Let me hear from you, please!  Like/dislike the name?  Did I make clear the distinction between Kingdom Adventure and Non-Magical Fantasy?  Will you promote the new genre name?


Mirriam Neal, who spent hours hashing it out with me over at least three separate days, + texted me for a whole morning while putting one week’s post together + came up with the final name in an offhand comment (that’s a story for later); Kate Tanzen and Jennifer Freitag for letting me throw things at them and responding despite being tired; Rachel Rossano, Kate Tanzen,  and Jessica Greyson for discussing the pros and cons of the final name choice with me; Deborah O’Carroll, Christine Smith, and Tracey Dyck for hashing the genre question out via email; all the members of the Clean Indie Fantasy, Arista’s Band of Fairy Tale Re-tellers, and Indie E-Con Facebook groups for their feedback; and everyone who commented either here or on Facebook with feedback and input.  You all helped put this together, and I hope you’re pleased with the result.


Merry Writing… and may all your Kingdom Adventure be terrific!



21 thoughts on “Genre 101: NOT Fantasy, Part 3… We Have A Name!

  1. Brie Donning says:

    I like it. Kingdom Adventure.

    Now we just have to get it into mainstream use. Get other people talking about it. Make a list on Goodreads.

    My books are still very near the fantasy side, but this works. Even though I technically don’t have kings which means no kingdoms.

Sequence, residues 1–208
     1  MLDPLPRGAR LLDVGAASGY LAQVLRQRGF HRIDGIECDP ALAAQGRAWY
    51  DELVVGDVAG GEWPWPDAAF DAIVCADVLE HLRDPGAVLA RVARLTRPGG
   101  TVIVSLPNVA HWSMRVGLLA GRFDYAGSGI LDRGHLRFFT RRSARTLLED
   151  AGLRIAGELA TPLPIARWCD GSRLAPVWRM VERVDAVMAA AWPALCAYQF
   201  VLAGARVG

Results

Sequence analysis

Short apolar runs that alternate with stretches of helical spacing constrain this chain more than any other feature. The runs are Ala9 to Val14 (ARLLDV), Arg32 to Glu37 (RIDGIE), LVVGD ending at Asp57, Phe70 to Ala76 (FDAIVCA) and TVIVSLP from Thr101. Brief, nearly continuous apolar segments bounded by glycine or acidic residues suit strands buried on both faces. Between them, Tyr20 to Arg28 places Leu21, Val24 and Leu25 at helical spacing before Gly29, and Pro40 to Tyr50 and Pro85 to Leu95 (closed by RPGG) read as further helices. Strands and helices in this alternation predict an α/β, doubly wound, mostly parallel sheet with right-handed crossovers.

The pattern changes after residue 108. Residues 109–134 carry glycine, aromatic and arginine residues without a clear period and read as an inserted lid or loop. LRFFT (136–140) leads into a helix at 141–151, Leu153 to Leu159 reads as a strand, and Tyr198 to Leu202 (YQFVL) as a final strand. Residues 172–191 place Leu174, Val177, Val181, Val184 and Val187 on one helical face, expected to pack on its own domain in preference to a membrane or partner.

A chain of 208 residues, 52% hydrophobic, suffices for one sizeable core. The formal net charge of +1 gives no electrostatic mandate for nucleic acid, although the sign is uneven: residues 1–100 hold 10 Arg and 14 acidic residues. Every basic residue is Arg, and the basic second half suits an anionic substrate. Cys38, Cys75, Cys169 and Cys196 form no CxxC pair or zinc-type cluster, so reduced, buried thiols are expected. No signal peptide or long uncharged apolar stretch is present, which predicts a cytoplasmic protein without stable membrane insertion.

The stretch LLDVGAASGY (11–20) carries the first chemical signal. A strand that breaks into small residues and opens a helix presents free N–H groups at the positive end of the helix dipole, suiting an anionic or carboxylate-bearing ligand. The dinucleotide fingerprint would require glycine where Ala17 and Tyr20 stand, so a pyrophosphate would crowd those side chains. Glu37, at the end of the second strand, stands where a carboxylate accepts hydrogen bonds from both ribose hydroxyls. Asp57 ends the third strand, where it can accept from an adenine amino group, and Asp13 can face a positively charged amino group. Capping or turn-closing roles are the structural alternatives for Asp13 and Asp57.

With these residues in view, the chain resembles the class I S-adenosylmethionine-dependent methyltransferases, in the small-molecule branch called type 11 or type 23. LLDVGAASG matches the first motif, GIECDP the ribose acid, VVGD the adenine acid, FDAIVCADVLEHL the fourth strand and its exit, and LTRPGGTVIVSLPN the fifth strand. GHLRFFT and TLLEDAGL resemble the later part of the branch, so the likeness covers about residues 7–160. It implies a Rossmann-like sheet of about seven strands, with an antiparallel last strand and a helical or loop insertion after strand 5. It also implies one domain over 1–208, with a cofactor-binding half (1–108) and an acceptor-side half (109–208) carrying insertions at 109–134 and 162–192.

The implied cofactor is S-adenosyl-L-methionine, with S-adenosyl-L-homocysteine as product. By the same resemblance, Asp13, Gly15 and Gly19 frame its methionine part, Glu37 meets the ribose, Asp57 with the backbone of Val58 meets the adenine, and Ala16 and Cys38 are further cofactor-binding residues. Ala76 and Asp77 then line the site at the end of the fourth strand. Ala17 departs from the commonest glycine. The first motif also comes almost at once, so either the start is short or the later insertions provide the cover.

I think Tricia Mingerink’s Blades of Acktar could qualify as Kingdom Adventure. Technically, it’s set in our world with a huge change of history, but with only Bible history known to be the same, and no knowledge of the divergence, it’s certainly not Alternate History.

    Liked by 1 person

    1. intuitivewritingguide says:

      Precisely. Promote the stuffing out of it- Twitter, Pinterest, Facebook, talk to other authors we know that write this genre. 🙂 I’ll be making a list on Goodreads sometime this weekend.

      I haven’t read hers yet, so little time so many books, but thank you!


  2. Mary says:

    Kingdom Adventure fits well, and I like the name. 🙂 I wouldn’t hesitate to classify my own novels under that genre, since they are exactly what you described.

    Would the Blades of Acktar series by Tricia Mingerink and the Queen’s Thief series by Megan Whalen Turner qualify?

    Liked by 1 person

    1. intuitivewritingguide says:

      I haven’t yet read the Blades of Acktar, but from everything I do know about it, yes, it qualifies as Kingdom Adventure.

      Due to the mythology in it, The Queen’s Thief series (hey, nice to meet another reader!) is technically mythopoeia.

      Thank you for commenting!


  3. Christine says:


    The more I look at it, the more I like it! And having you break it down like this totally sealed it for me. I think it works perfectly, and it has a very nice and intriguing ring to it. I’d certainly be interested in a book categorized under Kingdom Adventure!

    I’m so proud of you and Mirri and everyone! And grateful to everyone’s hard work. This is exciting! 😀

    Liked by 1 person

  4. Deborah O'Carroll says:


    Lemme know when you make a Goodreads list?

    Also, speaking of Goodreads, if people make shelves called Kingdom Adventure and start adding books they have to that, I think that’ll end up visible too. 🙂 I’m currently shelving some of my books as that. XD

    Liked by 1 person